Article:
When's the last time you read a classic?
Summer is beach, pool, park and bleacher time. The perfect time for sunning yourself, enjoying a glass of iced tea and a good book.
Instead of a beach read why not refuel your mind with a time-tested read?
I hear you. Some of those novels break the writing rules we are often taught. They contain long paragraphs, more than the occasional run-on sentence. The plot twists and turns aren't always enough to keep you turning the pages. In fact, some of the conflict seems downright boring.
In our fast-paced society, do classics have a place and do they have anything to teach the modern writer?
1) Classics teach you to read S-L-O-W to absorb the layers.
As a fast food society, we want to be spoonfed. Studies have shown that on a screen our reading can be haphazard, missing key details. Our words per minute rate on our devices is higher, and that's not always a good thing. If you have a minute, here is a fascinating NY Times article on your brain's reaction to ebooks. According to one professor at the University of California, digital media doesn't balance attention well.
I have been swinging back from my kindle to paper books as over time I noticed my enjoyment of reading was less. I read through books quicker and I found with my favorite authors, I wanted to savor their words and it was easier to do with a library copy. However, when I"m reading a mystery, I actually prefer the ereader format. Just my personal opinion though.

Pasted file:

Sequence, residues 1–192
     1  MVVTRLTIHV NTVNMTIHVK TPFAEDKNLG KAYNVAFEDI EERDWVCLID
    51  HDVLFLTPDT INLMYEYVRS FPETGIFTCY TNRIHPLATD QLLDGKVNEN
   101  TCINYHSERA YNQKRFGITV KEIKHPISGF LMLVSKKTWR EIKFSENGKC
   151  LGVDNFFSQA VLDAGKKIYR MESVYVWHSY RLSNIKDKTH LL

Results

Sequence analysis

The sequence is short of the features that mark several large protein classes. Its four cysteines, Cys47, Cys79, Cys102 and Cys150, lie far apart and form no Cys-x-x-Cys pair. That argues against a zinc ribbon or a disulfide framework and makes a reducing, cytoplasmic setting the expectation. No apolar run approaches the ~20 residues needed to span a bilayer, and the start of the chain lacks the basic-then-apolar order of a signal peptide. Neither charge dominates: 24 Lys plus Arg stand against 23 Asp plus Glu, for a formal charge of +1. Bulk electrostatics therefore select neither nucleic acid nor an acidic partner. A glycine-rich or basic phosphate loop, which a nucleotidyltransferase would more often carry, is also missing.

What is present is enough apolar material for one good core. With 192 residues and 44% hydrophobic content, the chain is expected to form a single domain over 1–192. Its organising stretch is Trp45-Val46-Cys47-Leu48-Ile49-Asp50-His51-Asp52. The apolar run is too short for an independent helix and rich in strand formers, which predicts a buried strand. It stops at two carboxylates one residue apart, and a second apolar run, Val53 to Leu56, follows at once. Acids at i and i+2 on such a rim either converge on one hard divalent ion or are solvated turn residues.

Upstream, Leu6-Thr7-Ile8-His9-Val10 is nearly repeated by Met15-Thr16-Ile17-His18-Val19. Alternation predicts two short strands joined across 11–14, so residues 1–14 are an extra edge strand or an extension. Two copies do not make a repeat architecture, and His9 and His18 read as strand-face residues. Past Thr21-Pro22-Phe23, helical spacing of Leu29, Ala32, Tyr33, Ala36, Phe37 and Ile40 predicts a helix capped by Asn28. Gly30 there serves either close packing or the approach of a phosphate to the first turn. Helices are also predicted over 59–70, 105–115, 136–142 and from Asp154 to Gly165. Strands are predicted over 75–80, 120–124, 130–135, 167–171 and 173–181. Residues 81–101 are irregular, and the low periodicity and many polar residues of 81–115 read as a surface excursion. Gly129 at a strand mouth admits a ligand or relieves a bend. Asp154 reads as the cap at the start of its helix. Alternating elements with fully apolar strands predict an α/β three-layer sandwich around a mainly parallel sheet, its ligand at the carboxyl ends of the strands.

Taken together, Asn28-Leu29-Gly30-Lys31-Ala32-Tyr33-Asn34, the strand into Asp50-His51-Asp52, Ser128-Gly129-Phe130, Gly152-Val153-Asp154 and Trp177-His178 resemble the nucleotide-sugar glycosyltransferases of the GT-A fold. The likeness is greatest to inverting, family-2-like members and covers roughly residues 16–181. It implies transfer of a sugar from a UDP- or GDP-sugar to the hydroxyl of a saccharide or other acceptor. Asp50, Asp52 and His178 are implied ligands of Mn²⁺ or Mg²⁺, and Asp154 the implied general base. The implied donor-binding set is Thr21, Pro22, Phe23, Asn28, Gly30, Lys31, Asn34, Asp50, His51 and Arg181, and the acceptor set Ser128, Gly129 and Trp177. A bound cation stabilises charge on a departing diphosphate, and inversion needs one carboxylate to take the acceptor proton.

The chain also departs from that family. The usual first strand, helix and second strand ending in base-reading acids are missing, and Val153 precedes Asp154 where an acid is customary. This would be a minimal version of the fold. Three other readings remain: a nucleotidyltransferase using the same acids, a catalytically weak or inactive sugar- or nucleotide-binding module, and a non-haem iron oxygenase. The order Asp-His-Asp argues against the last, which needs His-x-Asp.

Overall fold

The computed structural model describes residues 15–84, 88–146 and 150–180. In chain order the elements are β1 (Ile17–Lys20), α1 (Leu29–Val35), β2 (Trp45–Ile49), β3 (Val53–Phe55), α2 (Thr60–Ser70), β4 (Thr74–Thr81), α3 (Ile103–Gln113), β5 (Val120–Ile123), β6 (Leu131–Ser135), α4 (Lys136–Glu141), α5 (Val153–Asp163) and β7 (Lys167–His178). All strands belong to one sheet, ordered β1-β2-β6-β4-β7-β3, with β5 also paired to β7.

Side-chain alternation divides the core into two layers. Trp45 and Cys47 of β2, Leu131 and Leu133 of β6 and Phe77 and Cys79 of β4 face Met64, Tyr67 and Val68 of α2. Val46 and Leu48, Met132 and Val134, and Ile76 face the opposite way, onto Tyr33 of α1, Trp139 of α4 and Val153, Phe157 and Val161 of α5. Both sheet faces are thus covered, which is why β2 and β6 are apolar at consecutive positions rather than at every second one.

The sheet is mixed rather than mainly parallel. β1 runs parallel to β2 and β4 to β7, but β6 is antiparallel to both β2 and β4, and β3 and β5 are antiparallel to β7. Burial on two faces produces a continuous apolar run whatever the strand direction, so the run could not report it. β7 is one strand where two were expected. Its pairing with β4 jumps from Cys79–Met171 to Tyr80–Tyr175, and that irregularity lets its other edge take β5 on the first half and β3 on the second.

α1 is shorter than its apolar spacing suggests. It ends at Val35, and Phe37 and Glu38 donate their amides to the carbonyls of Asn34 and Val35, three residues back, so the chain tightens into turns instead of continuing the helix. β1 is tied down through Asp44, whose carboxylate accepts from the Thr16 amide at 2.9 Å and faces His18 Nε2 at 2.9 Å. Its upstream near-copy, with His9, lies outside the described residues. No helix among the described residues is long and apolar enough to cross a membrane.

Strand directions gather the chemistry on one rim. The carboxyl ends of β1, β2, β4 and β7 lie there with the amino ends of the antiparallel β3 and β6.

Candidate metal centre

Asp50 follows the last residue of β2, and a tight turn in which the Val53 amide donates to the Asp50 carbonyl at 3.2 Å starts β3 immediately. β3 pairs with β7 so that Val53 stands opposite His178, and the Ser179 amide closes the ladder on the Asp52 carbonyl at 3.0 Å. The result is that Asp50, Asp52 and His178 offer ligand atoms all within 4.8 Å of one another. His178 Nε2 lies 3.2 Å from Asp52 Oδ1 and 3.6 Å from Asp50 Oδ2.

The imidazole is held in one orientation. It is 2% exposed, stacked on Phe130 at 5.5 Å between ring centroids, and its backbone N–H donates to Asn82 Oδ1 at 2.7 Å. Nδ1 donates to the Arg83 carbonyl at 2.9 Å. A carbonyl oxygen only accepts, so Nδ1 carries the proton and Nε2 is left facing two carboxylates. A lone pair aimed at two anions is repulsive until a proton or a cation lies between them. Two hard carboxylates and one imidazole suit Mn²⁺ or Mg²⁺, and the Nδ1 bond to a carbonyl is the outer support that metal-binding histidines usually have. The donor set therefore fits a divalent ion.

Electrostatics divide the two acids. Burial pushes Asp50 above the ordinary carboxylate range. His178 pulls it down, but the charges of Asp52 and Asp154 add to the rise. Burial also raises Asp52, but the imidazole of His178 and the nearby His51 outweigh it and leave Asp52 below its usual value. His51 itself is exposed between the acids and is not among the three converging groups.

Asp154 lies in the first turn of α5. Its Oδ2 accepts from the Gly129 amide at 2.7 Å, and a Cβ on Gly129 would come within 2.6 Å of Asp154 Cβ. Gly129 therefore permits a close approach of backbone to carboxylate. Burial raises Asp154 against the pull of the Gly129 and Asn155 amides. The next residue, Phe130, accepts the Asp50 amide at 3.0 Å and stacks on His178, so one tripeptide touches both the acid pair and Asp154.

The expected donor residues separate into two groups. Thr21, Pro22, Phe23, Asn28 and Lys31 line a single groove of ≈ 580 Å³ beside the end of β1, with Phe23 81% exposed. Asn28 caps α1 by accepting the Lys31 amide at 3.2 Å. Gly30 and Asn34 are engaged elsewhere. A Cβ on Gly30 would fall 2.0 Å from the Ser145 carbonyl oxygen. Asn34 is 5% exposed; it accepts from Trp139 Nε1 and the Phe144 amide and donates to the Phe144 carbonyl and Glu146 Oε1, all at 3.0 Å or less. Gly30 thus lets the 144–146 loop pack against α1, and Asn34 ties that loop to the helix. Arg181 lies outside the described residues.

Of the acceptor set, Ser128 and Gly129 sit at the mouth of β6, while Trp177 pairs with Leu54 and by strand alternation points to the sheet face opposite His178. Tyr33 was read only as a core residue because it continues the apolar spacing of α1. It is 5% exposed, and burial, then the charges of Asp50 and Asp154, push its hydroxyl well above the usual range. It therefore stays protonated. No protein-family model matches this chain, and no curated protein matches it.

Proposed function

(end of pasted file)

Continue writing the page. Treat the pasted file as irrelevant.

Don't we want to write novels that readers can read over and over? Books with depth that yield something new with each reading. C.S. Lewis believed the best books grow with us. Who better to learn from than celebrated greats of the writing world.
2) Reading great old books increases your vocabulary, which spills over into your writing.
Its no secret that the average reading level of an adult book is fifth grade. Borrow your grandparents McGuffey readers and you'll see that wasn't always the case. A few words may be obsolete, but it's still fun finding their origins. The average read doesn't send me to a dictionary, but Charles Dickens almost always does. The more words we know, the more shades of dimension we can offer to our descriptions and settings.
3) Your voice will grow and deepen as you observe other writers.
One of the most helpful exercises we were given in college was to try to imitate various authors. It was challenging. We were taught we needed to learn the fundamentals of style while developing our own.
So try it. What was your favorite book from your college years? Give it a slow reread and try to write in the author's style. Not only is imitation a form of flattery, it also leads to growth.
4) The best books challenge us to think and that reflects in our written work.
Classics include strong themes and such elements as foreshadowing. How can you strengthen the theme of your own story?
My husband and I had a recent discussion on Ayn Rand and the relevance of her novels for today. I've struggled to make it through Atlas Shrugged several times and lamented to him about the snail-like pace of the plot, sharing that I prefer modern authors. He argued that it was a hard book but I ought to stick it out because it has a lot to teach about the human condition. I have a feeling Rand belongs back on my summer reading list.
---But where do I start?
Modern Library has a list of 100 best novels that might provide a good starting place.
The Great Books List is divided by eras and provides plenty of choices.
The American Library Association's publication Booklist provides a database of award-winners.
What's your favorite classic and why? What did it teach you about writing craft?
Library Journal and a blogger for Wonderfully Woven. She lives in central Virginia with her husband, two children, and three ragdolls cats